“And I want to buy him (Gardner) back with a timeout. When I say that, and I talked to the Big Ten, I talked to Bill Carollo last night, was told I couldn’t buy him back and I said yeah we can buy him back so him and I had a little bit of a discussion because you can buy back in because of the helmet, not because of any injury but because of the helmet coming off.

“Well, the linesman comes up and him and I, and I say I want to buy him back and the referee says you can’t do that and the miscommunication or whatever it might be, the head linesman says yes you can. And so, by that time I know Shane’s on the field taking one more snap, handing the ball off, Devin gets his helmet back on. That’s how that sequence went.”

What Hoke wanted to make very clear Monday is his intentions and handling of situations that involve injury, defending himself and his own character in response to seemingly everyone questioning how this could possibly take place.

“What I can tell you is we would never, ever put a guy on the field when there’s a possibility of head trauma, and we won’t do that,” Hoke said. “Guys play beat up every day. If they’re not beat up, they’re never 100-percent, then they’re not doing much. So, guys always have nicks and bumps and bruises and strains and everything else.

“I’ll also tell you football is a sport where guys have to be highly competitive and they are highly competitive cause they love to play the game and they love to compete and that’s just part of their DNA, and I think it’s different than a lot of other things in professions and those things.”

After watching the film and being asked about hypotheticals, Hoke refused to say he would’ve handled the situation any differently now than he did Saturday.

“Hindsight is good, it’s easy today,” Hoke said. “It’s easy today, it’s easy yesterday. As far as seeing the film, I saw the film yesterday and watched the coaches copy and we obviously turned in the hit (to the Big Ten).”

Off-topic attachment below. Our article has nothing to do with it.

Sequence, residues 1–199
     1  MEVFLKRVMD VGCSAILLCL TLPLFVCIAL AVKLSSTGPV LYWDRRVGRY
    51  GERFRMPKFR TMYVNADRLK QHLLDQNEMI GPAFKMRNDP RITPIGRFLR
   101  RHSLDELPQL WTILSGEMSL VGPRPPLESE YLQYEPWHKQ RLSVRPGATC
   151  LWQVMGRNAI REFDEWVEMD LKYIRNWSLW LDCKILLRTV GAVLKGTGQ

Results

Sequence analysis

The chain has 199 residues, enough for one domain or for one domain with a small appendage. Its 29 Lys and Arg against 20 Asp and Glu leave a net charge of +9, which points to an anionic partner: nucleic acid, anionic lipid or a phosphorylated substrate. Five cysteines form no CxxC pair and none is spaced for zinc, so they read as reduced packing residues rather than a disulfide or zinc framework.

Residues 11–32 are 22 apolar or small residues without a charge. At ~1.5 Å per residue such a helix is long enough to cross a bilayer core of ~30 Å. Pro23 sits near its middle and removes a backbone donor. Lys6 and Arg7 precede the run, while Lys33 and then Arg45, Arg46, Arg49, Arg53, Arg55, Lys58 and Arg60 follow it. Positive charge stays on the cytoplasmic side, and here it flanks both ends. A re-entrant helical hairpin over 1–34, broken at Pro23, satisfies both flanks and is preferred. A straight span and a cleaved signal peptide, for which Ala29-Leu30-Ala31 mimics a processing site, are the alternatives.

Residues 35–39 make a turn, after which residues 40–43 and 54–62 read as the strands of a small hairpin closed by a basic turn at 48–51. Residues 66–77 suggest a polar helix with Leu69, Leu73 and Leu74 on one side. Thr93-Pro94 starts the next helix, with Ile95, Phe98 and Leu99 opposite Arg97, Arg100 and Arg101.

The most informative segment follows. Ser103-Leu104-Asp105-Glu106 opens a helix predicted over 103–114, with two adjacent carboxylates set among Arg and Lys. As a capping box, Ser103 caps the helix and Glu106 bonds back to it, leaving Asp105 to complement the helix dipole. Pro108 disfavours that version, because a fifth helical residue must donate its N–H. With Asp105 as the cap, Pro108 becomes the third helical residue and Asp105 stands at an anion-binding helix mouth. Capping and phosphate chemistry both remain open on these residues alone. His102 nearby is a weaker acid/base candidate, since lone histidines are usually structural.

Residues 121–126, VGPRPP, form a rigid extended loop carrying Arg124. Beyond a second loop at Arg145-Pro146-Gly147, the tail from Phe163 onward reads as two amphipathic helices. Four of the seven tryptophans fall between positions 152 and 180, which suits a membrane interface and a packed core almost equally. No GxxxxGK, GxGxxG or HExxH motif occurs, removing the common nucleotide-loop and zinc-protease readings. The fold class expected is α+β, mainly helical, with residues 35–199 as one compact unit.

Questioned about Morris apparent half collapse as he walked toward the sideline following that late hit, Hoke offered what he was told by his sophomore quarterback.

“His ankle gave out,” Hoke said. “That’s what he told me. Did I see that? Yeah I saw Ben Braden there, but I didn’t see the hit either because I was traveling the ball down the field.”

“I knew the kid had an ankle injury,” Hoke added. “That’s what I knew.”

Asked directly if Morris had been diagnosed with a concussion or has since, Hoke was clear in his stance.

“Everything that I know of, no,” Hoke said.

Later adding, “Like I said, you’ll have a statement from our medical department.”

Assuming Morris was clear to play, and according to both Brady Hoke and offensive coordinator Doug Nussmeier, no one from Michigan’s medical staff indicated Morris wasn’t, should Hoke have taken out a battered, beaten down and already injured player anyway?

“I think you’re wrong there,” Hoke said. “Because if our trainer says one thing, I’m not going to say the other because he knows that.

“If our doctor says one thing and this guy is studied in the field and knows that, it’d be like him telling me run a zone blitz on third down. What does he know about a zone blitz on third down? So, to me that doesn’t make any sense for me to override.”

Hoke Defends Morris Substitution

The Michigan Insider Top Stories